Find out more about all the benefits Snowflake has to offer you and your business. Sign up for a free proof of concept!

Frank Bell
July 27, 2018

(Continued… from

Over the past 20-30 years there have been tons and tons of investments made in BOTH people and technology in order to share data more effectively and quickly. We currently have millions of data analysts, data scientists, data engineers, data this and data that all over the world. Data is growing and growing and a huge part of our economy and our growth as a society. At the same time though the tools to share it never really were maturing that much until recently with Snowflake’s Data Sharing Functionality.

Before I explain how transformative this new “data sharing” or “logical data access” functionality is let’s take a step back and explain how “data sharing” worked before this.

Brief Tech History of Data Sharing. Here are some of the old and semi-new tools:

Good old fashioned physical media. (floppy disks, 3.5 inch disks, hard drives, USB drives, etc.)

Email. Probably still the best for smaller amounts of data and files. I’ve done it too. I need some super fast way to move a excel file with data from 1 computer to another fast. Email to the rescue.

SFTP/FTP. Secure File Transfer Protocol. File Transfer Protocol.

EDI (yuck) – Electronic Data Interchange – The business side of me has hives just thinking about expensive and crappy of a business solution this is. Companies spent millions creating EDI exchanges. The is a cumbersome and expensive process but at the time it was the accepted way to exchange data.

SCP. Secure Copy Protocol. Great command line tool for technical users.

APIs (Application Programming Interfaces). While APIs have been amazing and come a long way there still is technical friction with sharing data through them.

Dropbox, etc. Dropbox revolutionized the ease of sharing files mainly. It’s still not really great for true data sharing.

Airdrop type functionality.

Let’s face it though, most of these are primitive and have a lot of friction especially for non-technical users. Even when they are slick like Airdrop they typically don’t work across platforms and are often limited in data sizes and to discrete files. All of these solutions above have a lot of limitations when you think of the friction to get quality “data” and “information” for analysis and use from one place to another its still relatively painful.

Enter Snowflake’s data sharing. With Snowflake they have created a concept of “data sharing” through a “data share” which makes larger structured and unstructured data sharing a lot easier and one of the biggest improvements is there is only ONE SOURCE OF DATA. Let me say it again, yes, that’s ONE SOURCE OF DATA. This isn’t your typical copying of data which creates all sorts of problems with data integrity and data governance. It’s the same consistent data shared throughout your departments, organizations, or with customers.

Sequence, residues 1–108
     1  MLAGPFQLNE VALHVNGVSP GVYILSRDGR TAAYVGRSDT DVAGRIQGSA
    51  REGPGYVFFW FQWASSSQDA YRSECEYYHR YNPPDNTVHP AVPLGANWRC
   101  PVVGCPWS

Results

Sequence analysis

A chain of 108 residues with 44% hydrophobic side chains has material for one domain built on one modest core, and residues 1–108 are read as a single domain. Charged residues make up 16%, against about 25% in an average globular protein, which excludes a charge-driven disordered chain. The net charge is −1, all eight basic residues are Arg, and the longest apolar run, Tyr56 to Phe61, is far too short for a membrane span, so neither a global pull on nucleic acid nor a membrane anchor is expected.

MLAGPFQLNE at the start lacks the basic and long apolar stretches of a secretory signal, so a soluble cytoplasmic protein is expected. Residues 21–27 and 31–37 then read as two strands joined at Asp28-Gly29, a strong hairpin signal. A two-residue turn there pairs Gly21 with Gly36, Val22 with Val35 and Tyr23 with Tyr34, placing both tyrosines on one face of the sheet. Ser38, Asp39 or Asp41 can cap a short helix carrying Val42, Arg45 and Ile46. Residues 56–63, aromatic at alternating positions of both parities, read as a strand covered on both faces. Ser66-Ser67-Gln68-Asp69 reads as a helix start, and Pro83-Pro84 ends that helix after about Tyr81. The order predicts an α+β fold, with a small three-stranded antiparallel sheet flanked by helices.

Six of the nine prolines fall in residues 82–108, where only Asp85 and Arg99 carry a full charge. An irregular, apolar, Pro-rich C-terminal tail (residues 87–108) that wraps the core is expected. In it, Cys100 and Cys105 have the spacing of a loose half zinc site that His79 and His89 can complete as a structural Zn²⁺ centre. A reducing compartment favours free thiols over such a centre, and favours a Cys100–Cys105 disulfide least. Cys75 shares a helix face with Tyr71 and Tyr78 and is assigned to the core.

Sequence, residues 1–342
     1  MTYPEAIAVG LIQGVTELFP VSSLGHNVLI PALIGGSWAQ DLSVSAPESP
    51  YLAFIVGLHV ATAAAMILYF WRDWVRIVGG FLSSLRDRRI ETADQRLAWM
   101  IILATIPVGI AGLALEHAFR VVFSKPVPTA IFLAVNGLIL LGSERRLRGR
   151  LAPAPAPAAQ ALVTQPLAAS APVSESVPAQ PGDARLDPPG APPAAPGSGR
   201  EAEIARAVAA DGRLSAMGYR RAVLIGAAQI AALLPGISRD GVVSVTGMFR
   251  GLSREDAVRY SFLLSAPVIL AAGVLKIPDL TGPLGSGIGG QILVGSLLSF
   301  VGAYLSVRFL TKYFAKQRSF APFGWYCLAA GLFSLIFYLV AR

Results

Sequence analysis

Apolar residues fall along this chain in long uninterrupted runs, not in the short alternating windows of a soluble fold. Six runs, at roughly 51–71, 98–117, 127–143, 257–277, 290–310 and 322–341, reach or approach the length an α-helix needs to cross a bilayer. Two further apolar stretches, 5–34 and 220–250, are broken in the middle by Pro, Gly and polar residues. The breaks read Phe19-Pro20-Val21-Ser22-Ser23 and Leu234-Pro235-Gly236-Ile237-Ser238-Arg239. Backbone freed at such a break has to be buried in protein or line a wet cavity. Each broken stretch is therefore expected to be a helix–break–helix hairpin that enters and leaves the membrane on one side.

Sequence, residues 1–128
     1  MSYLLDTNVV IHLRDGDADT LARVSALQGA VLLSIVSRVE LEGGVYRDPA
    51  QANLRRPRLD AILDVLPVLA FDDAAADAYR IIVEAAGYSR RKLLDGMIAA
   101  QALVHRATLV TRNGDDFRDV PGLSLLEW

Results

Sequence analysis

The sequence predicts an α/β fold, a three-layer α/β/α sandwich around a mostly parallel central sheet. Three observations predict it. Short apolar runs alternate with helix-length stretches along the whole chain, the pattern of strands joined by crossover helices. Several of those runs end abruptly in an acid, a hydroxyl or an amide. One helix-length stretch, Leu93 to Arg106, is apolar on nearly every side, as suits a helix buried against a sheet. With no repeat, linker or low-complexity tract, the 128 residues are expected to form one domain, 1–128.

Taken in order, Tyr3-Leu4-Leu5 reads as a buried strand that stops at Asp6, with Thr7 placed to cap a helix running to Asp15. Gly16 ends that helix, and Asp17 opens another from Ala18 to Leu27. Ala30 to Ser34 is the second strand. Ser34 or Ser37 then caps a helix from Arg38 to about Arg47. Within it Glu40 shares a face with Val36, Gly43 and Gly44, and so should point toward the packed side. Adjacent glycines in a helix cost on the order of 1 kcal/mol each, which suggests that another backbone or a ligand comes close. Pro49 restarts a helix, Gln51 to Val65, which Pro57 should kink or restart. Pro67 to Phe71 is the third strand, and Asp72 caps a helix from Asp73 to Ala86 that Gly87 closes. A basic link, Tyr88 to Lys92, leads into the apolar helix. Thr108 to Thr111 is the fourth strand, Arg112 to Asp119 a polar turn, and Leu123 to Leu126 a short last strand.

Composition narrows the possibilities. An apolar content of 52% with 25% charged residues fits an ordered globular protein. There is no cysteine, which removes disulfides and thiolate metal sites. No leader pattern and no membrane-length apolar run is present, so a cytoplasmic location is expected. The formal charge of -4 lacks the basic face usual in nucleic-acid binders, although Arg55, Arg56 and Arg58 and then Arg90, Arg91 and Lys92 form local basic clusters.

The main point here is that there is true power in effective and fast data sharing. If you can make decisions faster than your competitors or you can help out your constituents with faster service than it makes your organization much better overall.

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Also, it’s just easy to do. With a very simple command you can share data to any other snowflake account. The only real catch is you do need a Snowflake account but this account you are only charged for what you use. For example, if you have a personal account that you don’t use very often then you are not charged anything per month except $40/TB of storage but if you don’t store anything you are not charged for that either and then the only charge would be compute (queries of someone else’s data share) which would be pretty inexpensive. For organizations with Big Data this cost is very reasonable compared to all the legacy solutions that were required in the past that are slower, more cumbersome, and more expensive.

What challenges does this solve today?

Cross Enterprise Sharing. (Let’s say you need to compare how different brands across websites are performing? Or you need to compare financials. You can easily share this data now with integrity across the enterprise and rollup and integrate different business units data as necessary.

Partner/Extranet Type Data Sharing. You can share data with much more speed and integrity with your partners with much less complexity than APIs require.

Data Provider Sharing. Data Providers that need to share data can reduce costs and friction by more easily sharing their data at the row level to different customers.

As things get more and more complex. (I mean is there really any corporation saving less data this year than last?) then we need to challenge ourselves to make things more simple. That is what Snowflake has done. I encourage you to take a look for yourself and try it out for free. We will be sending out some Data Sharing examples as well in the next few weeks so stay tuned.

Also, if you don’t believe me then look at all the reference case studies coming out in the last few months. Data Sharing has the power to transform companies, partners, and industries. Make sure you at least investigate it to make sure you are not left behind.

Here is a Data Sharing for Dummies Video for more information on the technology.

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Reference Case Studies: